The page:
Everyone is looking for ways to save money these days, and tips for doing so have proliferated all over the Internet, in magazines and newspapers, in email newsletters, and so on. The most obvious reason for this is, of course, the Great Recession and our slowly recovering economy.
For many people, though, one purpose (or a welcome effect) of saving money is to refocus on how we spend our time. Even the converse is true—the more we focus on the quality of how we spend our time, the more likely we are to save money.
For example, with gift giving, more and more families are creating gifts for each other (e.g., photo collages) instead of going on impersonal shopping sprees, and these gifts are invariably more meaningful—to give, to receive, to keep. Others are giving experiences—such as taking a friend or family member to a play or a concert. This is not only a gift based on the person’s interest, it is a gift to both of spending more time with loved ones, with the people who inspire us, make us laugh, keep us young. More and more companies (like Groupon and Living Social) are recognizing and supporting this trend with deep discounts on shared experiences.
This extends beyond the experience as a gift and into our everyday experiences, as more people discover the free and low-cost entertainment options out there. In an era when people risk isolation by spending all their time behind a computer screen, the economy has kind of jump-started a trend of inexpensive entertainment being more and more social—festivals and art shows; free or low-cost outdoor plays, movies, concerts; free or discount days at museums; more and more community-run (instead of corporate-run) conferences on various interests, from gardening to science fiction. Many of these kinds of events have always been around, but in the last five years or so, they have multiplied exponentially.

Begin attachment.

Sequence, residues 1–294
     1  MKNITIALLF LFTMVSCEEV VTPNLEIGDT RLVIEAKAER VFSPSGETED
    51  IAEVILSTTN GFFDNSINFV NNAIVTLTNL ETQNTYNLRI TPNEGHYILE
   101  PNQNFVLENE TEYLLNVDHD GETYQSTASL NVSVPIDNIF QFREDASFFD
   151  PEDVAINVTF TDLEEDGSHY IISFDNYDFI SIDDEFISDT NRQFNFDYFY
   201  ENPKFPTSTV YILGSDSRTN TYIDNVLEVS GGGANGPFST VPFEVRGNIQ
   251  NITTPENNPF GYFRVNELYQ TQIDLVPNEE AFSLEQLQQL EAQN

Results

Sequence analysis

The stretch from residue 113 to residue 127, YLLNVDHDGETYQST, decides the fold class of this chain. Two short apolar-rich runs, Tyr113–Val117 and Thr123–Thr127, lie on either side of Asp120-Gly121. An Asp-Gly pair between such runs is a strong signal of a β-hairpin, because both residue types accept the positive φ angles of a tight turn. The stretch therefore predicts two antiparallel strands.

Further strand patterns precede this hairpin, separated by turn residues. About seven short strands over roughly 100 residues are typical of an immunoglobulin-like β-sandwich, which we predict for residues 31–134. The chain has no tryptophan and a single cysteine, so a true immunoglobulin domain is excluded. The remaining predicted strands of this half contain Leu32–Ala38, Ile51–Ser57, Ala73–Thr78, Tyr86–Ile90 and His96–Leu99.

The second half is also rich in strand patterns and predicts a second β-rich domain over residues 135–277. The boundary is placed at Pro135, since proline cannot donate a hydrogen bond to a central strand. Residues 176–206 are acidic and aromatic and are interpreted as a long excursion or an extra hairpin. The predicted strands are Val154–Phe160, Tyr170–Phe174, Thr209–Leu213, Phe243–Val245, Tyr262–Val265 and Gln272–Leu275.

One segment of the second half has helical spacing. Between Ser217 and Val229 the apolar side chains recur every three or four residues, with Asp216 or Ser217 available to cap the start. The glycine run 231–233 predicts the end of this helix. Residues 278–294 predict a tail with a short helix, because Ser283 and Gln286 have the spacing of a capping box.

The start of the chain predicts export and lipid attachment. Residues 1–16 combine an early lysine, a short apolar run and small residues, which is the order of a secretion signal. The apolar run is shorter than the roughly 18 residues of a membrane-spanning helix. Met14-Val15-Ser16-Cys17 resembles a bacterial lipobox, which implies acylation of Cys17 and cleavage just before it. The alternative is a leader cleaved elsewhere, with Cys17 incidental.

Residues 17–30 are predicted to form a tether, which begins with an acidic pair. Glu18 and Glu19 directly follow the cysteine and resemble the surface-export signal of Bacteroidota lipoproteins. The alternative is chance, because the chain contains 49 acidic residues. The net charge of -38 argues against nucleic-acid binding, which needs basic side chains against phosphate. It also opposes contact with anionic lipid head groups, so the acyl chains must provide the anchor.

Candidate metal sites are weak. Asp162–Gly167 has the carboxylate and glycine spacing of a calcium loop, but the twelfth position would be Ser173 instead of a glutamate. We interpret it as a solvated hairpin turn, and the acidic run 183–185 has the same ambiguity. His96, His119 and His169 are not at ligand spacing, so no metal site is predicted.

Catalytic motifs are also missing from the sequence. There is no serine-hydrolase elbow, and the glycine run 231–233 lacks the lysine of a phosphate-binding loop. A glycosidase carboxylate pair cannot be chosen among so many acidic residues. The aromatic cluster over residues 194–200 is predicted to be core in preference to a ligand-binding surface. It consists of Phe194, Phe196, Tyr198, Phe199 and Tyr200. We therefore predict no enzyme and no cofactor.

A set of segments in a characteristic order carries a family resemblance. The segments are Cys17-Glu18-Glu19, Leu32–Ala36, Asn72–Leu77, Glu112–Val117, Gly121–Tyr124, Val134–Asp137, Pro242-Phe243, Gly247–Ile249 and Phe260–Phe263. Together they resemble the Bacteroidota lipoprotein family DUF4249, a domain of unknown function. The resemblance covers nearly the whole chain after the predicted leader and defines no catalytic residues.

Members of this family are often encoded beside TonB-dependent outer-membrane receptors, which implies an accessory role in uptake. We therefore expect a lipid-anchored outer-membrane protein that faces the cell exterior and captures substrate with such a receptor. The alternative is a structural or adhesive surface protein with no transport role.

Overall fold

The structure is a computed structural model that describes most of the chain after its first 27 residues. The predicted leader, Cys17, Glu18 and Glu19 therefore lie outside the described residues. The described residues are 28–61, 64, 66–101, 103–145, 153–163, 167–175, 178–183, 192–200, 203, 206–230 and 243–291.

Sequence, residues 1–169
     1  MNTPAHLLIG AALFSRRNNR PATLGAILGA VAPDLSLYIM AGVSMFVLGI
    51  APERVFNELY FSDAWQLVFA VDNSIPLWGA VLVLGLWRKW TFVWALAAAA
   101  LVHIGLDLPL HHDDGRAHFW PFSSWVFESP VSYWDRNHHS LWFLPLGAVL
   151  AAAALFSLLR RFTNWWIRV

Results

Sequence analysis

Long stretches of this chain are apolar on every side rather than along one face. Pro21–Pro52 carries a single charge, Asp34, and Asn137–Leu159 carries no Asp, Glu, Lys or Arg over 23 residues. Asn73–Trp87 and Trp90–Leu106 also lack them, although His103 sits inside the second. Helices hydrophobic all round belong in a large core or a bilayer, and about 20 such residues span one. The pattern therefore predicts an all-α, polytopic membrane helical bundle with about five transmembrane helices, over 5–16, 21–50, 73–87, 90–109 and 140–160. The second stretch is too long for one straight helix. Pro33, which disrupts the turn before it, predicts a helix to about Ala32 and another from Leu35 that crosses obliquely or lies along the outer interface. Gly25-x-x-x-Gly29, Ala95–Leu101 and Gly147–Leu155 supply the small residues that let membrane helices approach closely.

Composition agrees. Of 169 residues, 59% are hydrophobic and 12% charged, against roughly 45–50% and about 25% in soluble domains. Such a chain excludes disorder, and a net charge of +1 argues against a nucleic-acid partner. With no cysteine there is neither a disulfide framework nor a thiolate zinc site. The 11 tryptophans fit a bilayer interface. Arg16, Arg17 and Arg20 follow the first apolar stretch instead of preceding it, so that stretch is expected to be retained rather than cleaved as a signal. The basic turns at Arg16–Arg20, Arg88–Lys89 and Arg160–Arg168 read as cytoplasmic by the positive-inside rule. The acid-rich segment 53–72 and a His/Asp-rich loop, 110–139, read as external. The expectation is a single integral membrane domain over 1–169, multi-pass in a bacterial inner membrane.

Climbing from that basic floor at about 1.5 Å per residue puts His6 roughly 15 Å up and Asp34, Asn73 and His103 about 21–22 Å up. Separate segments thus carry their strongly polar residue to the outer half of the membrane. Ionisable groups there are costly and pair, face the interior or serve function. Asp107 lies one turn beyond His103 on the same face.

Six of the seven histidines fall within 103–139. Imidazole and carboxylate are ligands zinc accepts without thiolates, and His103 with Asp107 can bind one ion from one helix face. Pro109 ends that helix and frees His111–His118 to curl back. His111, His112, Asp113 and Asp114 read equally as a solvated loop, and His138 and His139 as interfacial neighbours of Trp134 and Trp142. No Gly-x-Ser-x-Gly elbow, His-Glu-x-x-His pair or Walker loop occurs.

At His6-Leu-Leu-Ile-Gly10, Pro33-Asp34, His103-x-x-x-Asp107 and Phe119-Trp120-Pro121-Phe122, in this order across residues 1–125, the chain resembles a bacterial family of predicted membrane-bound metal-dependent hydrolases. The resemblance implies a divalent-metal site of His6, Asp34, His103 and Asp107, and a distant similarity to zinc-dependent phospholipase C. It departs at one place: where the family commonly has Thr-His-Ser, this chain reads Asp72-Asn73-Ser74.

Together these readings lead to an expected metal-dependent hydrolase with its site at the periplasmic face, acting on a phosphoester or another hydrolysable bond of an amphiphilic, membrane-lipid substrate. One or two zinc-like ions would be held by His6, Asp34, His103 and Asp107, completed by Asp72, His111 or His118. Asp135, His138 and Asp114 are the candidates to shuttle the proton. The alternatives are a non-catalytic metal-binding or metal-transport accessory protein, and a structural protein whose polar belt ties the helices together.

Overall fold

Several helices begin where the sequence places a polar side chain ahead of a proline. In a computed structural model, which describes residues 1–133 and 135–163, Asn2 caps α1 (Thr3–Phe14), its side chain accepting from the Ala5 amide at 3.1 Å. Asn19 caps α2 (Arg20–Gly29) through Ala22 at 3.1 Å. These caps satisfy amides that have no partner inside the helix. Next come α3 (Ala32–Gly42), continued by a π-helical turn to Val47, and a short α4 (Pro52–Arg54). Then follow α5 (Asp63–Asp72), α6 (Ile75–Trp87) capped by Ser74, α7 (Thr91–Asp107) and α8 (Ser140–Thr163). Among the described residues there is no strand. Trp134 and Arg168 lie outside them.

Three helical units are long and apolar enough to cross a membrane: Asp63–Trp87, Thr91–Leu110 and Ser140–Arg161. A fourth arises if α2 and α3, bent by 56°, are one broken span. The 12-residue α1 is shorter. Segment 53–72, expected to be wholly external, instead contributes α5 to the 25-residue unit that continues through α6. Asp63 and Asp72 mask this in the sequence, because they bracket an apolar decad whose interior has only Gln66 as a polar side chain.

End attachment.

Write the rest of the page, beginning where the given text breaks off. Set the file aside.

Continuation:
Even in travel, focusing on spending quality time often leads automatically to saving money. This might mean less travel abroad and more travel in the States to see family and friends all over. It can also mean that when you do travel to other countries, you eschew the expensive tourist traps and end up enjoying more of the real flavor of the country and its people.
In a way, opportunities for more quality time are one of the unexpected gifts of the Great Recession, and one I hope we hold on to long after the economy recovers. I urge all of us to make quality experiences an integral part of the new world we are building so that they last beyond the immediate need to save money.
Start new traditions with family and friends based on the inexpensive experience. Set up new gift-giving traditions with family and friends. Change the workplace culture to provide time, flexibility, and opportunities for quality experiences—both within and outside the company.
The possibilities are endless once we start thinking creatively about how we spend our days and our money. Because in the end, economic recovery, individual happiness, health, and even achieving our most deeply held visions—it’s all about time.
How are you saving money and focusing more on quality time in your life?
image credit: flickr.com, photograph by emdot